Vaginal Discourse

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[Trigger warning for transphobia and prisoner abuse]

Back in 2006, the Wisconsin Legislature passed Act 105, the “Inmate Sex Change Prevention Act”. [Good thing we had a Democratic governor at the time. Whoops!]

The act banned the state from providing trans* prisoners hormone therapy or surgery.

This happened at the exact same time I was struggling to secure medical care for myself. It was nice to know that three blocks away from my house, my bosses at The State of Wisconsin were willing to spend their time demonizing folks like me.

I thought about this a lot as I drove down the Northwest Tollway to Chicago, where the Chicago Cubs were graciously paying for my tits*, and the State of Illinois was patiently holding my semen.

After I spent a substantial amount of time, money, and emotional energy getting things squared away, I recall writing** state legislators:

Hey assholes,

I’ve given my life to eating jello salad, protecting your crops, and teaching your children, and you fuckers are having the people of Illinois subsidize my medical bills? Nice work.


PS: To hell with the Packers.

Needless to say, I had a car, and a job, and a studio apartment that was not a prison cell. So, unlike three trans* women that sued the state when the Department of Corrections took away their hormones, I had options.

A while back, a court sided with the trans* women in ruling Act 105 unconstitutional. Because the State of Wisconsin would rather spend bazillions of dollars defending its bigotry than actually shelling out a few thousand bucks a year on life and money saving drugs, the state appealed.

Today the Seventh Circuit of the U.S. Court of Appeals upheld the earlier ruling in favor of current and future trans* inmates. Snippets from [TW] the ruling are below.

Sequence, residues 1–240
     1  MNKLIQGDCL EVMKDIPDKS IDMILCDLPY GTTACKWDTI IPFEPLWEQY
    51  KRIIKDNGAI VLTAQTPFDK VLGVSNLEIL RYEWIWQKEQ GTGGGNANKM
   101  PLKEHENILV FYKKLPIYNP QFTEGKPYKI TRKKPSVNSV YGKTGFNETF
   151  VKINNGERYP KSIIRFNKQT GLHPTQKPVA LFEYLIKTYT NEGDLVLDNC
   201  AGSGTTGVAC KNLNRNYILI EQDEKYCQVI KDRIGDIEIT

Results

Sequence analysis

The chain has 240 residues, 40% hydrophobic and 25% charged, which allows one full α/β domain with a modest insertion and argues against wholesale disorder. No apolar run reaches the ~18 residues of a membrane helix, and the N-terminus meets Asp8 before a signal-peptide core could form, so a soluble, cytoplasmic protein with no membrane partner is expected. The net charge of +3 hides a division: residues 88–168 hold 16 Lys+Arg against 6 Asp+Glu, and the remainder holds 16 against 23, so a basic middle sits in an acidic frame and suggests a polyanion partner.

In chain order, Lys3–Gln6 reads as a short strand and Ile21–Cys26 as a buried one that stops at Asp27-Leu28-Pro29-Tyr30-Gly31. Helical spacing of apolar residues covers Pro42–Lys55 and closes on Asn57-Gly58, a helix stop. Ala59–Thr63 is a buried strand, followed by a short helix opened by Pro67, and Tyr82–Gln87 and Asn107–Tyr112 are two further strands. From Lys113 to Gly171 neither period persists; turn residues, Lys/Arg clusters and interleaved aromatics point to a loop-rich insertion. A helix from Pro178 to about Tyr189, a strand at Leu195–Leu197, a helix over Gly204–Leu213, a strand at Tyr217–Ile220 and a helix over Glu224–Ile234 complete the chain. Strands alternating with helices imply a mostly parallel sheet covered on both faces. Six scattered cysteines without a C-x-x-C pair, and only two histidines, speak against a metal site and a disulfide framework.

“Prison officials violate the Eighth Amendment’s pro-scription against cruel and unusual punishment when they display ‘deliberate indifference to serious medical needs of prisoners.’” Greeno v. Daley , 414 F.3d 645, 652-53(7th Cir. 2005) (quoting Estelle v. Gamble , 429 U.S. 97, 104(1976)).

In this case, the district court held that plaintiffs suffered from a serious medical need, namely GID [Gender Identity Disorder], and that defendants acted with deliberate indifference in that defendants knew of the serious medical need but refused to provide hormone therapy because of Act 105.

Surely, had the Wisconsin legislature passed a law that DOC [Department of Corrections] inmates with cancer must be treated only with therapy and painkillers, this court would have no trouble concluding that the law was unconstitutional. Refusing to provide effective treatment for a serious medical condition serves no valid penological purpose and amounts to torture. [Emphasis mine]


*In that the Cubs are a major donor Howard Brown, the LGBT health center where I received my script. It’s not that Ron Santo took me shopping or anything.

**My memory’s not the greatest, so this is slightly paraphrased.

5| August 2011

I know this is a little off topic, but I haven’t been able to find the answer on Shakesville. What’s the reasoning behind the asterisk in trans*? All-inclusiveness?

5| August 2011

Yeah, basically. So a good explanation is to be found on Practical Androgyny:

To be honest, I *don’t* particularly like “trans*” but I also try to put footnotes in my writing that when I say “trans” I mean it in the widest sense & if I just mean “transsexual” I’ll just say “transsexual”.

18| August 2011

Thanks! I actually forgot I asked this question until just now. Will bookmark the link for later perusal. I’m going a little cross-eyed from internet reading right now.

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